Home care workers provide care to people with dementia at the end of life in isolation, with many experiencing lack of clarity in their caring role and limited support as their client nears the end of their life. Preliminary findings from this study may be helpful in developing support resources for home care practice and human resources management.
UK General Practice is being shaped by new ways of working with the release of both the NHS long-term plan and GP contract (BMA, 2019; NHS, 2019). Multidisciplinary teams and workforce expansion see the shifting, sharing, mixing and delegation of traditional GP tasks to other staff such as community paramedics. One of these tasks is the delegation of patient home visits in order to reduce both GP workload and hospital admissions. Yet the mechanisms of delegation (how and why delegation occurs) remain opaque and are likely to be highly dependent on a range of contexts.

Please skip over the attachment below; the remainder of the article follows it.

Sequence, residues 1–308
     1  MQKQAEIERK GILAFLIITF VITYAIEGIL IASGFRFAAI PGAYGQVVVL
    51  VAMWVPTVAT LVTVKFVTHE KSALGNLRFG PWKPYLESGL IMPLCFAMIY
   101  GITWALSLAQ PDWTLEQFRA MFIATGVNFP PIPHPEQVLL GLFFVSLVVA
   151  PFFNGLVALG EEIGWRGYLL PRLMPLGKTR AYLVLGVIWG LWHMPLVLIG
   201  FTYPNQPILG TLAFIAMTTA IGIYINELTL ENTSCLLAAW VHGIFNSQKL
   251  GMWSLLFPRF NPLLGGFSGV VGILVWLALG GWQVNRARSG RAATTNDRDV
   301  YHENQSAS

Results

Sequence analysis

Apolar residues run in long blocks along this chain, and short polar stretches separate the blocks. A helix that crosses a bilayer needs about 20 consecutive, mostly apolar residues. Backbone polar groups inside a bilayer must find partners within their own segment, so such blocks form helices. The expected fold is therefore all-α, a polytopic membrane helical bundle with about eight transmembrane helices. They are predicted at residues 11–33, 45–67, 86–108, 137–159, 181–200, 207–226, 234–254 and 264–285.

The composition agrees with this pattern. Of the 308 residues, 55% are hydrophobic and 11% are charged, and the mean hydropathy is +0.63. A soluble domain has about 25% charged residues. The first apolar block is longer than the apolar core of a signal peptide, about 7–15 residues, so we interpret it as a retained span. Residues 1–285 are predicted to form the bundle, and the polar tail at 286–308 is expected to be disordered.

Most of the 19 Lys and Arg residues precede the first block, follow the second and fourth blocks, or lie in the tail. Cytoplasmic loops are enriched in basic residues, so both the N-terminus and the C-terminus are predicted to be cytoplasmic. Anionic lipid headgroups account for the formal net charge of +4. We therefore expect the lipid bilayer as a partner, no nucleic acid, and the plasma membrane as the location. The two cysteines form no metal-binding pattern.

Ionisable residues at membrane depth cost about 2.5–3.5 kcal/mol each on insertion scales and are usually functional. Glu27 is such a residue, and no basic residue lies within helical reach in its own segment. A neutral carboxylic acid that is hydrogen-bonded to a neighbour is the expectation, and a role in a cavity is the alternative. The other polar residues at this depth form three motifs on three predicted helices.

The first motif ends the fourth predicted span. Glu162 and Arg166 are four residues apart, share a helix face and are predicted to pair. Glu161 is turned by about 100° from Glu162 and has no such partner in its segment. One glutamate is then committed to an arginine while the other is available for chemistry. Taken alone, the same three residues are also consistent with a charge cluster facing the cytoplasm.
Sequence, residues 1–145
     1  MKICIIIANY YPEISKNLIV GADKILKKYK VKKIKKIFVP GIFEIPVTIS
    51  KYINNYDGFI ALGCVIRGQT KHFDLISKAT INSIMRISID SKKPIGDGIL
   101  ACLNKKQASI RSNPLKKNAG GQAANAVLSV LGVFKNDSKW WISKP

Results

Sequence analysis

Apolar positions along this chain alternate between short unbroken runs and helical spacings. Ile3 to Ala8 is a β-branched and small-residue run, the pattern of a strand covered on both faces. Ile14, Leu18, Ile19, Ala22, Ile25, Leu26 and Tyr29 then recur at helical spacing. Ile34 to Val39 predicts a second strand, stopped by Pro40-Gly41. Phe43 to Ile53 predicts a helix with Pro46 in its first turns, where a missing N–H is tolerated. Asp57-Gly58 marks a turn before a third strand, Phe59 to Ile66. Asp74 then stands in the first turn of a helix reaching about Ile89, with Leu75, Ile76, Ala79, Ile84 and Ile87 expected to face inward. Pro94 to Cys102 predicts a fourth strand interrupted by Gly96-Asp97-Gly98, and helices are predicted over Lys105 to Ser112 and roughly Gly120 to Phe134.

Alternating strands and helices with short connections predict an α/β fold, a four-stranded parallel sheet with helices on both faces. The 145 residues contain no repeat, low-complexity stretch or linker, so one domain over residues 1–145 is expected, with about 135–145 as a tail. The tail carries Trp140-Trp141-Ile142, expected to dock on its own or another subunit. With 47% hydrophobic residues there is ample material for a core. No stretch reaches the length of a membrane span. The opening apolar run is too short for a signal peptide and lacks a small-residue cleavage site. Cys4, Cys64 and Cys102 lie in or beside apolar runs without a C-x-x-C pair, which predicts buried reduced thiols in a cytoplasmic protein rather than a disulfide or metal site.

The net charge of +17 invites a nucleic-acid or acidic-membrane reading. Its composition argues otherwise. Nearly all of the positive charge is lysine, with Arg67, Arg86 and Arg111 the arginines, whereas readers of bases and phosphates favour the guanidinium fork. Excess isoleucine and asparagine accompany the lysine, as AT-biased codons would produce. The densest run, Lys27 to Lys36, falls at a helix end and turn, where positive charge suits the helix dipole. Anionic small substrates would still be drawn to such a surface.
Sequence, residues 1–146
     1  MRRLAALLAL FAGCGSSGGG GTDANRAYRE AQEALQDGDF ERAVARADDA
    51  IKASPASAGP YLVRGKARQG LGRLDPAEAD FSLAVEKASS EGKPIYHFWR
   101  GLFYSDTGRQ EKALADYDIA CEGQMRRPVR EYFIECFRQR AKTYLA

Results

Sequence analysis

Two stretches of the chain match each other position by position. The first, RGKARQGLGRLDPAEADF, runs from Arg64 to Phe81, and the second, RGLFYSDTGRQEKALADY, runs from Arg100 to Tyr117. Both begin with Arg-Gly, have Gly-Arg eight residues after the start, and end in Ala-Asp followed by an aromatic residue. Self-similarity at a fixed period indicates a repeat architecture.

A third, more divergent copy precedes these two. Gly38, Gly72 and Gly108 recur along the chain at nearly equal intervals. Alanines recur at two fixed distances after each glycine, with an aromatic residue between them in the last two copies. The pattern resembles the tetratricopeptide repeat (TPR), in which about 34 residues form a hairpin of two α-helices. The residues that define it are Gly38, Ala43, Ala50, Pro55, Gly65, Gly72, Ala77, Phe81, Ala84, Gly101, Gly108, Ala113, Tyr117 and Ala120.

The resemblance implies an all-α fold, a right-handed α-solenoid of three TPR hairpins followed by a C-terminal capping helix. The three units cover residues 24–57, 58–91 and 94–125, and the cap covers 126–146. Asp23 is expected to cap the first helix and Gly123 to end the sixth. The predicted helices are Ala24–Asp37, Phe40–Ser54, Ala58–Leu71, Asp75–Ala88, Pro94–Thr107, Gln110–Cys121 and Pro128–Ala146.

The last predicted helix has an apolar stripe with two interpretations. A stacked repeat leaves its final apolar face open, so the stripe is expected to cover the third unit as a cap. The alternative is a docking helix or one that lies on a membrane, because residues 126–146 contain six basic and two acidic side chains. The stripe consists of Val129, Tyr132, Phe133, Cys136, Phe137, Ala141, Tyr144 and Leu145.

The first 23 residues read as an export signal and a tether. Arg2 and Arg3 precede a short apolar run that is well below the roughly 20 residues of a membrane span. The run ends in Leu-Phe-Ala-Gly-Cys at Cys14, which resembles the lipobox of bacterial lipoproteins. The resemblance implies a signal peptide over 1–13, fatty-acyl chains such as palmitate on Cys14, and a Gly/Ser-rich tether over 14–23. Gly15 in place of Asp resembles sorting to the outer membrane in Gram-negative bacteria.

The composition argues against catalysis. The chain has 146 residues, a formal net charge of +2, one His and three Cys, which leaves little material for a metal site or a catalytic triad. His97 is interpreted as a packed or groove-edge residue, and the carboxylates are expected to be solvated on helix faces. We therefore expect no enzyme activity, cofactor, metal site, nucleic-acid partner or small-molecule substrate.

Our evidence synthesis explores the ways in which delegation of home visits relies upon context, which subsequently affects both patient outcomes and clinical workload within primary care settings.
Evidence is consolidated through a systematic realist review.
We have synthesised a range of relevant data including qualitative, quantitative, mixed-methods research and grey literature.
A total of 70 studies relating to primary care, with similar healthcare systems to the UK discussing delegation are included.
A realist review produces context-mechanism-outcome configurations, which provide causal explanations.
Preliminary findings will be presented. Contexts such as the nature of employment, patient conditions and GP perspectives to delegation will be articulated. The impact on patient satisfaction and clinical workload will be discussed in relation to outcomes. Mechanisms such as risk tolerance and trust will be elucidated and the tensions between multi-disciplinary professional identities highlighted.